‘Black history is American history to me’: Black History Month, a conversation with Phil Tyler

SPOKANE, Wash. — Every February we celebrate Black History Month. But what does it actually mean to celebrate Black history?

Each year, it means reflecting on the triumphs and achievements of Black people in our nation and community’s history. But in 2022, it means so much more.

From 4 News Now’s Destiny Richards:

For Black people, Black history is not limited to a month or what you read about in a history book.

We’re living it every day in our experiences and the Black experience is different for everyone.

That’s why I decided to speak with Phil Tyler, a Black man in the Spokane community who is a part of history as the former, first ever Black lieutenant in the Spokane County Sheriff’s Office, the former president of the Spokane NAACP, and now, a community advocate and Crime Prevention & Education Officer at Gonzaga University.

Destiny: Tell me a little bit about what Black History Month means to you as we are in Black History Month — it’s a loaded question!

Phil: It is. But it’s a good question. Because Black history is American history to me.

And as Americans, it provides us an opportunity to really go deeper into our history.

Beyond slavery and racism and the good Reverend Dr. King. It provides us an opportunity to really highlight, to teach, to promote and preserve Black achievement that’s been going on in America.

And I think it still goes on to this day.

Here’s a Black man sitting in a Black-owned coffee shop, ordering his coffee black, the only way I take it, being interviewed by one of the few Black, professional journalists, female journalists in Spokane. That’s history.

Destiny: Yeah exactly. It’s definitely not lost upon me how representation is important. Me being on air everyday and then you out in the community as well. I think that’s really important.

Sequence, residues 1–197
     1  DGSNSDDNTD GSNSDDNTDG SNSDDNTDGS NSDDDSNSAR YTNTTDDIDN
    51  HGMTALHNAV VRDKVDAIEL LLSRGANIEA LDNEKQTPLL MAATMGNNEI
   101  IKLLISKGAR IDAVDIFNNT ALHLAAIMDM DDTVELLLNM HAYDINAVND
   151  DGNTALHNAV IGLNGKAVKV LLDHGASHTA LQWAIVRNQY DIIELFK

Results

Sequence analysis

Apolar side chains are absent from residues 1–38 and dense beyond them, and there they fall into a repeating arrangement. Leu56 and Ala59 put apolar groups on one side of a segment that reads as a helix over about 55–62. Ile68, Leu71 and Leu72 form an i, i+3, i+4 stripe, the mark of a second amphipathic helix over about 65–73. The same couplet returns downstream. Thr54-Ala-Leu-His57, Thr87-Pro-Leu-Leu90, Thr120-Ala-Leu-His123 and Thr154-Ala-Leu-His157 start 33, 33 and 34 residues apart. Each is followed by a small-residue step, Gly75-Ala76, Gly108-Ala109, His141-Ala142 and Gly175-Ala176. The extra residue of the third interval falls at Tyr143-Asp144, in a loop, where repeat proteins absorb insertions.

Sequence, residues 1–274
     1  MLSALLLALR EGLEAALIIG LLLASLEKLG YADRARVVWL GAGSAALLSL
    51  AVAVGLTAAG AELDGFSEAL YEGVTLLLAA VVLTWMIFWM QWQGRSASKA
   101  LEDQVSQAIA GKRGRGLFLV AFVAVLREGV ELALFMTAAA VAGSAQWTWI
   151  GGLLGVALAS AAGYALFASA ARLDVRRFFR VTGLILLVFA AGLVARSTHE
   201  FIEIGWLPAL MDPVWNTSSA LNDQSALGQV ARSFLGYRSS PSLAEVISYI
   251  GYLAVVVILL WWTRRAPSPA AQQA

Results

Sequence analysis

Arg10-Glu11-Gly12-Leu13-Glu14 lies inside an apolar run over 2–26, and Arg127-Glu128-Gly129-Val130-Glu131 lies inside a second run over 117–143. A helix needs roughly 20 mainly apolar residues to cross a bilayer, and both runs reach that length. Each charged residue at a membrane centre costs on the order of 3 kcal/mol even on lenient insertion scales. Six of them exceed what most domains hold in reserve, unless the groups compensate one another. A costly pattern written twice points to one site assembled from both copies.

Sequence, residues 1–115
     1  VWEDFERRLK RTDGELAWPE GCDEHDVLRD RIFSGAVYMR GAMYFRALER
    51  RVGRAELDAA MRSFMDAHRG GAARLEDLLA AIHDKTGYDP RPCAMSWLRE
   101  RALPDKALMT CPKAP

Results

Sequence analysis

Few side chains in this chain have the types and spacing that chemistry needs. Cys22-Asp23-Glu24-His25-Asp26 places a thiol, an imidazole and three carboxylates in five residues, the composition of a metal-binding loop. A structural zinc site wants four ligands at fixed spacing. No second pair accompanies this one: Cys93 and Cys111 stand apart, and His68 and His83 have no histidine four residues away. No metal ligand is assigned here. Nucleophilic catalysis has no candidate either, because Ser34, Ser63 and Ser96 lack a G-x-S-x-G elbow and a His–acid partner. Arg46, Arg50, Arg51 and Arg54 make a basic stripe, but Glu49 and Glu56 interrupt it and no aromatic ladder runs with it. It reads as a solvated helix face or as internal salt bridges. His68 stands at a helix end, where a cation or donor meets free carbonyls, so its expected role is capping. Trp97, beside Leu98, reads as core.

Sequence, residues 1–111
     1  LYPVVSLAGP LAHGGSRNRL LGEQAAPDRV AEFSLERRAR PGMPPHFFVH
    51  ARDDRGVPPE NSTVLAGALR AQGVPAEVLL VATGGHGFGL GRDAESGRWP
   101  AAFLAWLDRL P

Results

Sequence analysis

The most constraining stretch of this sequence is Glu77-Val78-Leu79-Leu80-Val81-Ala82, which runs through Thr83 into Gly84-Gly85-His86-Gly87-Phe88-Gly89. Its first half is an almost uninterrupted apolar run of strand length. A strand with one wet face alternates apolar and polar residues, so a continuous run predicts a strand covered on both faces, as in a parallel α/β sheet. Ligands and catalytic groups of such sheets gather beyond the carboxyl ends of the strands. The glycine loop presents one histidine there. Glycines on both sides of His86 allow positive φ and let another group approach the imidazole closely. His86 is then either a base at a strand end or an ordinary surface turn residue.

Do you think that the Spokane community, outside of the “Black” community, has done a better job in representation, resources, shining a light on black people at all? How do you think Spokane can do better?

Phil: Statistically we are the minority in Spokane, but that doesn’t mean our voices need to be minority, our stories, our experiences have to be minority. They can be told in formats like this and beyond.

So I think, what we have to do is we have to not be performative in our support of our Black citizens.

Have educational and constructive conversations like you and I are having today and I think that really expands your world view and I think that will help to bring deeper connection in the community and then this really leads to really amplifying the voices that would normally not be heard.

Destiny: You’re very outspoken clearly about, mental health, about suicide prevention. Why is that?

Phil: Personal, lived experience. I lost my son four years ago. He died by suicide.

I think as a father, what I learned from that tragic experience is that I taught my sons, like many a Black mother and father has done to their children, to suppress their emotions.

The late bell hooks in her book “Sisters Of The Yam” talked about depression and suicidal ideation in the Black community and how we ourselves stigmatize those who reached out and asked for help as being weak.

We saw that play out this past week with the former Miss USA and her struggles with being the trope of the “strong Black woman” which is nonsense.

I think for me it told me and taught me at 50-years-old that I have to do better as a parent and other Black parents have to do better.

But how will they know to do better if we’re not talking about it?

Destiny: What do you think is a proper way to celebrate Black History Month?

Phil: During this month, don’t make Destiny or Phil or any other Black man or Black woman that you know your immediate friend for 28 or 29 days of a calendar month.

Endeavor to develop a friendship with them that goes beyond February.

That exists for 365 days of the year because you truly want to engage and learn something about someone that doesn’t look like you. That’s the power of Black history.

Read more Black History Month stories at kxly.com/blackhistorymonth.

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